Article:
The creation gives mute testimony to the intelligence of its Creator. Max Planck, winner of the Nobel Prize and one of the founders of modern physics, wrote, “According to everything taught by the exact sciences about the immense realm of nature, a certain order prevails—one independent of the human mind … this order can be formulated in terms of purposeful activity. There is evidence of an intelligent order of the universe to which both man and nature are subservient” (cited in DeYoung, “Design in Nature,” p. iii). It is no wonder that the psalmist wrote, “The heavens are telling of the glory of God; and their expanse is declaring the work of His hands. Day to day pours forth speech, and night to night reveals knowledge. There is no speech, nor are there words; their voice is not heard. Their line has gone out through all the earth, and their utterances to the end of the world” (Ps. 19:1–4).

The testimony of nature to its Creator is so clear that it is only through willful unbelief that men can reject it. Paul writes in Romans 1:20, “Since the creation of the world His invisible attributes, His eternal power and divine nature, have been clearly seen, being understood through what has been made, so that they are without excuse.” Like those who deny Christ’s deity, those who reject Him as Creator give evidence of a mind darkened by sin and blinded by Satan.

Jesus also has primacy over the creation because He is before all things. When the universe began, He already existed (John 1:1–2; 1 John 1:1). He told the Jews in John 8:58, “Before Abraham was born, I am” (not “I was”). He is saying that He is Yahweh, the eternally existing God. The prophet Micah said of Him, “His goings forth are from long ago, from the days of eternity” (Mic. 5:2). Revelation 22:13 describes Him as “the Alpha and the Omega, the first and the last, the beginning and the end.” As was previously mentioned, anyone existing before time began at the creation is eternal. And only God is eternal.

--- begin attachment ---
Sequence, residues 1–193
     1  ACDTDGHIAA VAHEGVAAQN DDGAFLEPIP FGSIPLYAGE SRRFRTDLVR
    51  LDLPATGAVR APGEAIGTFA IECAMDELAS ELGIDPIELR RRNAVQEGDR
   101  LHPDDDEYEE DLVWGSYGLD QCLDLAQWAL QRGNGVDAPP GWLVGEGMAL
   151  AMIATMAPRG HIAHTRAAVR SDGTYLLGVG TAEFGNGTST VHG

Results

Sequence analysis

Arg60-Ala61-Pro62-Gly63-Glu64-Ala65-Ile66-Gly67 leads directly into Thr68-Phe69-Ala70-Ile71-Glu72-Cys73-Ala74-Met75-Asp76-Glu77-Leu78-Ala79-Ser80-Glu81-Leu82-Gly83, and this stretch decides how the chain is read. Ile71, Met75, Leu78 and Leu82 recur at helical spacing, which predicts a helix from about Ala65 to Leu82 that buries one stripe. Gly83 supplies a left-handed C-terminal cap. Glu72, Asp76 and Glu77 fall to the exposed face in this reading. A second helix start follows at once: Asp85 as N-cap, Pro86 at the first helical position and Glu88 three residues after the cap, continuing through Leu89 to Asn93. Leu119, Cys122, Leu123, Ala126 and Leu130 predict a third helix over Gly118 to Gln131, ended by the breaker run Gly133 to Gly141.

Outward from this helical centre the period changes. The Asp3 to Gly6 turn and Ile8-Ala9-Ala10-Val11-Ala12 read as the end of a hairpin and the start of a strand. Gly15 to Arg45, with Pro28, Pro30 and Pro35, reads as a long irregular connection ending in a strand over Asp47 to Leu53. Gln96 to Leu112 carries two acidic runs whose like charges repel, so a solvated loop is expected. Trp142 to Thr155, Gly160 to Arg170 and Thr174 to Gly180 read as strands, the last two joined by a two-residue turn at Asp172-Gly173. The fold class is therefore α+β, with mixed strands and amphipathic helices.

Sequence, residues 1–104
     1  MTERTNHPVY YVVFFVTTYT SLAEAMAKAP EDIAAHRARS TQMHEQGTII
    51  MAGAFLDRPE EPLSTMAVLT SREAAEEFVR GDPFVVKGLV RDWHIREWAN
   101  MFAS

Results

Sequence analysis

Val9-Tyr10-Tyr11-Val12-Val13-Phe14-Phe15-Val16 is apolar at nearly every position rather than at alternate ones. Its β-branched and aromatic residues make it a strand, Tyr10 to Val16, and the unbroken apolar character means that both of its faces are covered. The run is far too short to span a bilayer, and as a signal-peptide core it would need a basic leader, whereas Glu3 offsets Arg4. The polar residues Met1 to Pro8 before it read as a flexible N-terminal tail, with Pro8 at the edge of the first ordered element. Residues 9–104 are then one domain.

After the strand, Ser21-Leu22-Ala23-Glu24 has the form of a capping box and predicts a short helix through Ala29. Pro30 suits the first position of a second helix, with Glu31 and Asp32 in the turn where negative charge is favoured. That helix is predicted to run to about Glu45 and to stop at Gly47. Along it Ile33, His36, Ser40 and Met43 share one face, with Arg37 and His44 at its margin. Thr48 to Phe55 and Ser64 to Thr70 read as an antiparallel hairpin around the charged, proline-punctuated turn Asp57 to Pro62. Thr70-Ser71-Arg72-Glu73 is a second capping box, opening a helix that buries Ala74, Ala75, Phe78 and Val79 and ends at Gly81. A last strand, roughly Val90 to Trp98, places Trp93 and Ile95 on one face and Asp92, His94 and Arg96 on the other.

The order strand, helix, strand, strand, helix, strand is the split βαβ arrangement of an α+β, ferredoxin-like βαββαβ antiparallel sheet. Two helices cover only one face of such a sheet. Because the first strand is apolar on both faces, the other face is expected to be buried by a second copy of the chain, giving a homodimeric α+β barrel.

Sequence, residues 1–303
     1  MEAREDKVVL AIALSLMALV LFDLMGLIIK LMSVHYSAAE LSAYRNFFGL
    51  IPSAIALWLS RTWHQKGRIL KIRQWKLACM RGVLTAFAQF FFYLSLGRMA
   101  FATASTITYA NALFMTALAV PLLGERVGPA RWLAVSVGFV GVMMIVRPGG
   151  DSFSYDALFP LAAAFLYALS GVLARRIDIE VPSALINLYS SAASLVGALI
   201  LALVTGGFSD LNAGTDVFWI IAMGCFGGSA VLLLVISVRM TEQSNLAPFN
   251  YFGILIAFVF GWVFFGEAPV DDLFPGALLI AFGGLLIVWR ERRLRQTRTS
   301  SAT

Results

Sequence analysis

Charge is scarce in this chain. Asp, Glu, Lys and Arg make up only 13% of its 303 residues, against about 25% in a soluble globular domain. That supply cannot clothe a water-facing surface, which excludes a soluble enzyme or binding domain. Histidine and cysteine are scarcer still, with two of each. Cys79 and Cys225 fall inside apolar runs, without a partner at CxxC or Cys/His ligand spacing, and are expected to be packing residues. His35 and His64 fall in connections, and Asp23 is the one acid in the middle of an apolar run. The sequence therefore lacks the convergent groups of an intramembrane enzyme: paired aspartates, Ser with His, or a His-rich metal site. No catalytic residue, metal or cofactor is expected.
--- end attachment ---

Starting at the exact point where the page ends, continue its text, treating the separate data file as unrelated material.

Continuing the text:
A third reason for Jesus’ primacy over creation is that in Him all things hold together. Not only did Jesus create the universe, He also sustains it. He maintains the delicate balance necessary to life’s existence. He quite literally holds all things together. He is the power behind every consistency in the universe. He is gravity and centrifugal and centripetal force. He is the One who keeps all the entities in space in their motion. He is the energy of the universe. In his book The Atom Speaks, D. Lee Chesnut describes the puzzle of why the nucleus of the atom holds together:

Consider the dilemma of the nuclear physicist when he finally looks in utter amazement at the pattern he had now drawn of the oxygen nucleus.… For here are eight positively charged protons closely associated together within the confines of this tiny nucleus. With them are eight neutrons—a total of sixteen particles—eight positively charged, eight with no charge.